The Most Pointless Question In Photography

Dec 19, 2023

Whaddaya want - color or black and white?​
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​Hope you're having a great day!
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Nothing frustrates me more than when a photographer posts an image and asks random strangers - 'what is better, colour or black and white for this image?'
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I feel that choice is something that only the photographer themselves can answer.

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I'm a sucker for Joel Meyerowitz - but not just him images (TBH, some of them I think it's his name carrying them - but the same could be said for most famous photographers) - it's also his willingness to talk about the WHY in photography.
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It's a rare thing to find a photographer who is:
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​Talented,
Eloquent,
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and willing to share their knowledge
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There's a new book that's come out from Joel called 'Joel Meyerowitz: a Question of Color'
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The premise of the book is that in 1963 Joel was able to get a second camera, and decided to put color film in one body, black and white in the other.
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In his own words 'so when the oppertunity arises... make a picture of something with both'.
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So here's an oppertunity to see a talented photographer learn to see what happens when he photographs the same scene in with different film stocks.
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This is also, we mustn't forget an era when to be a 'serious' photographer you had to use black and white. Colour was an affront to Art (with a capital A)
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I mean, I love Walker Evans, but this is pretty typical statement from back in the day:

Color tends to corrupt photography and absolute color corrupts it absolutely. Consider the way color film usually renders blue sky, green foliage, lipstick red, and the kiddies’ playsuit. These are four simple words which must be whispered: color photography is vulgar.

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However, there's a passage I think is telling:

From my first moments as a photographer — the very first roll of film, actually — I worked in color and believed in its potential. Why wouldn’t I? The world was in color! There was no question about what film to use and, besides, in that passionate first moment of discovering photography I wanted to see what I had made photographs of as fast as I could get them back from the lab. -

My own first steps in photographer were in colour. It wasn't until I went to Art School that I shot my first roll of black and white.
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Though I do remember thinking even then that I had now become a 'serious' photographer because I was using black and white film stock (Ilford FP4 Plus)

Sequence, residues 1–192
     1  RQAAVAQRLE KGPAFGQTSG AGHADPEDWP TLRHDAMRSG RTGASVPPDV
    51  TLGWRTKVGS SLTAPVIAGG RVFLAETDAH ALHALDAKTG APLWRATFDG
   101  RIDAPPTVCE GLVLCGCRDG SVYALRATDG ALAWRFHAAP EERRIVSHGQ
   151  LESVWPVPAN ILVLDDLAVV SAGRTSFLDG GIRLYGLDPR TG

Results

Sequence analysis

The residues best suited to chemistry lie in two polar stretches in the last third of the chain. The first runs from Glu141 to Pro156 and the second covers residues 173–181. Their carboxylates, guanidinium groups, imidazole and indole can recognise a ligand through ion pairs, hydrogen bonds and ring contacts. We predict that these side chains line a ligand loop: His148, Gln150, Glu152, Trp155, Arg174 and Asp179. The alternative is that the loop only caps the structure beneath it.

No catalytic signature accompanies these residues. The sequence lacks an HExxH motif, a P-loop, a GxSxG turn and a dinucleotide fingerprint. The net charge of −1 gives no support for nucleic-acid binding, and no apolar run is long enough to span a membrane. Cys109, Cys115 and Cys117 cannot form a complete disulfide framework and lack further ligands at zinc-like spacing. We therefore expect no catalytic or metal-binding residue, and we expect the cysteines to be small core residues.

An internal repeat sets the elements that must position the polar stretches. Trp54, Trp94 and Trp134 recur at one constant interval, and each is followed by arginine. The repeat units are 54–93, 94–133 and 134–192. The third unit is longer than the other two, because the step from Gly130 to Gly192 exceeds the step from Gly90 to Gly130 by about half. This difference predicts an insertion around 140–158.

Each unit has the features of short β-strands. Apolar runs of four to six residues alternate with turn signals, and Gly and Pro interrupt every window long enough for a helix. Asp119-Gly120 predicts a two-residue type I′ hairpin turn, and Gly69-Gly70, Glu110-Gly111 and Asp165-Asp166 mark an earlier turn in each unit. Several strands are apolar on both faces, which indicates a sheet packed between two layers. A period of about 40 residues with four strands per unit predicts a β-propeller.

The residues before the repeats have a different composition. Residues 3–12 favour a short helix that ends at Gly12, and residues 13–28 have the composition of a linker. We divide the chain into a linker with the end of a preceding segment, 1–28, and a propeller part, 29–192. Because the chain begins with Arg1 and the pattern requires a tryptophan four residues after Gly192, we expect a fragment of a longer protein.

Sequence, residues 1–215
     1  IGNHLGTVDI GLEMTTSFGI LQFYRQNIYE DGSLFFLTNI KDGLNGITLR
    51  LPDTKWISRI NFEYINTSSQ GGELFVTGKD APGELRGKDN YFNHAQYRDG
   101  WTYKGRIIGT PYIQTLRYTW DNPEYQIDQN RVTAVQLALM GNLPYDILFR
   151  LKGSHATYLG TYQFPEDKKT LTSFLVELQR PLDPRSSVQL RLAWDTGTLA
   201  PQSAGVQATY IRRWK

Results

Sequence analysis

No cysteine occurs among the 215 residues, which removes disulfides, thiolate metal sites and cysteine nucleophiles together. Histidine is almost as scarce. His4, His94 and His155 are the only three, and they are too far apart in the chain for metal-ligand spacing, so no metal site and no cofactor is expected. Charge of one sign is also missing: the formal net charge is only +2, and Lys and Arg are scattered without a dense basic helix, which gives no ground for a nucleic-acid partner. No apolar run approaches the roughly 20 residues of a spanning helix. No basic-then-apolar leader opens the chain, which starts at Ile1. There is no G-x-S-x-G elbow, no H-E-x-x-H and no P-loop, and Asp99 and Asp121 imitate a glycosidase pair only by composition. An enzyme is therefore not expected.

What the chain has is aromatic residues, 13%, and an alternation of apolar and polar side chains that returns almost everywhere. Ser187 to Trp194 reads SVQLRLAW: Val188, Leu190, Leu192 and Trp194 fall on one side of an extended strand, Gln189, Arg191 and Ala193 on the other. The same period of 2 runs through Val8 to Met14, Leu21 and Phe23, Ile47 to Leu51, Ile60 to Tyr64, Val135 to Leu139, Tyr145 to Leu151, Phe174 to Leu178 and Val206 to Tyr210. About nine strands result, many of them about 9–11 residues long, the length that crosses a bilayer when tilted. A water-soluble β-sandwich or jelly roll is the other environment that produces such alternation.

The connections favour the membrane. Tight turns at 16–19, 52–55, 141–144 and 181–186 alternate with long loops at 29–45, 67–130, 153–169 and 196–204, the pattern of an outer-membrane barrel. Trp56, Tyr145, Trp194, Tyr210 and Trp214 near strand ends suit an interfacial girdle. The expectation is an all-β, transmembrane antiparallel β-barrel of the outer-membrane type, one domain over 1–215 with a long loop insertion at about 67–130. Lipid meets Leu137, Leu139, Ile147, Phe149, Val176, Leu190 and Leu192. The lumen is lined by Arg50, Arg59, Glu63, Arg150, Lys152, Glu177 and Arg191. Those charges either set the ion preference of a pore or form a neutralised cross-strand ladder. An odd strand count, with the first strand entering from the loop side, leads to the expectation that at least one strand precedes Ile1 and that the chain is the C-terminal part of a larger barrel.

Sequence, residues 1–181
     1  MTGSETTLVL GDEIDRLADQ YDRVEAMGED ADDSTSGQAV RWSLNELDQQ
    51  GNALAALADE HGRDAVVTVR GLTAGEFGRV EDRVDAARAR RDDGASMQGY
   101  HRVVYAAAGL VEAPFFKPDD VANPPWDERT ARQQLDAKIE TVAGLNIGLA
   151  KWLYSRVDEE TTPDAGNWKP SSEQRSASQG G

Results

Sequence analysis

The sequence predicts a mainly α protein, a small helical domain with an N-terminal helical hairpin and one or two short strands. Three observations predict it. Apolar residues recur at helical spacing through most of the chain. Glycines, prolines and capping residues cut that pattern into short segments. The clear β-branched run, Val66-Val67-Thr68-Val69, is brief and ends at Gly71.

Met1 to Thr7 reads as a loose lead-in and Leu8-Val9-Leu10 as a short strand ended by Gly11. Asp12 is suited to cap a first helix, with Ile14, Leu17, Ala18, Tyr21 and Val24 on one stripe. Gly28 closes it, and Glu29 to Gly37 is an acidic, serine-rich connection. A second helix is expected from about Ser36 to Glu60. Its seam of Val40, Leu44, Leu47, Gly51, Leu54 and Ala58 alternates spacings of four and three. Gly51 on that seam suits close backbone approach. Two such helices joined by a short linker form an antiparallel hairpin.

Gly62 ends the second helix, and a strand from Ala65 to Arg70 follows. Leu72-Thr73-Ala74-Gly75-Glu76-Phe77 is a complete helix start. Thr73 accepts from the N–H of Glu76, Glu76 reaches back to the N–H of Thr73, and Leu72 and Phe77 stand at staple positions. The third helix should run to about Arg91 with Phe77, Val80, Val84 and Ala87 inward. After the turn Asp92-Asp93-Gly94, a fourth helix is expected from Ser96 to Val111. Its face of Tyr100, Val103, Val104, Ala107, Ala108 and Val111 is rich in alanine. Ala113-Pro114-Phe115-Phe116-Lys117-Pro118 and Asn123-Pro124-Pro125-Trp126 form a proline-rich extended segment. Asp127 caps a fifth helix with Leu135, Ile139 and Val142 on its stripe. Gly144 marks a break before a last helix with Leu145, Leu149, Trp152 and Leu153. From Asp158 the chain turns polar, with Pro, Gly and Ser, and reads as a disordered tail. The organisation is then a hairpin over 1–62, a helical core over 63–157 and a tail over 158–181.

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When I look at the pairings Joel presents in the book, I can't help but feel he's trying to answer the question about why 'serious' photographers were/are expected to photograph in black and white.
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Which leads me onto thinking about that question people present today - which is 'better' for their images? Colour or black and white?
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It must depend on what the photographer wants to present.
A glorious sunset wouldn't work in black and white for example.
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If you've struggled with this question then you're not alone, I have also spent time dithering back and forth in Photoshop with a particular image.
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A lot of that, certainly in my own case, comes from not comitting to the process when I took the image.
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Of course Joel had to make a choice - load up with colour or BW, but in the digital world we don't have to make such a choice.
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That's why the images I struggled with, and yes, also asked 'BW or colour, can't decide', were such a problem. I wasn't thinking about the image when I took it.
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This afternoon - look around you - spend time asking if what you see would be better served by colour, or by black and white.
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Joel photographs 'the world', and the world exists in colour.
I photograph shapes, and those shapes inhabit a black and white world.
Where do the images you love to photograph live?
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Send me an email and let me know
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Alex
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P.S
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I'm in the process of curating some of my images for sale, and I'm currently battling with this idea of colour vs black and white. Not specifically the images themselves, but I'd like to present a harmonious body of work. Should I have colour images, or lean into the strong black and white ones?
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I should add this dilemma to the list of 'things they should teach you at art school' :D
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If you'd like to see some more of my personal work, you can check it out on Instagram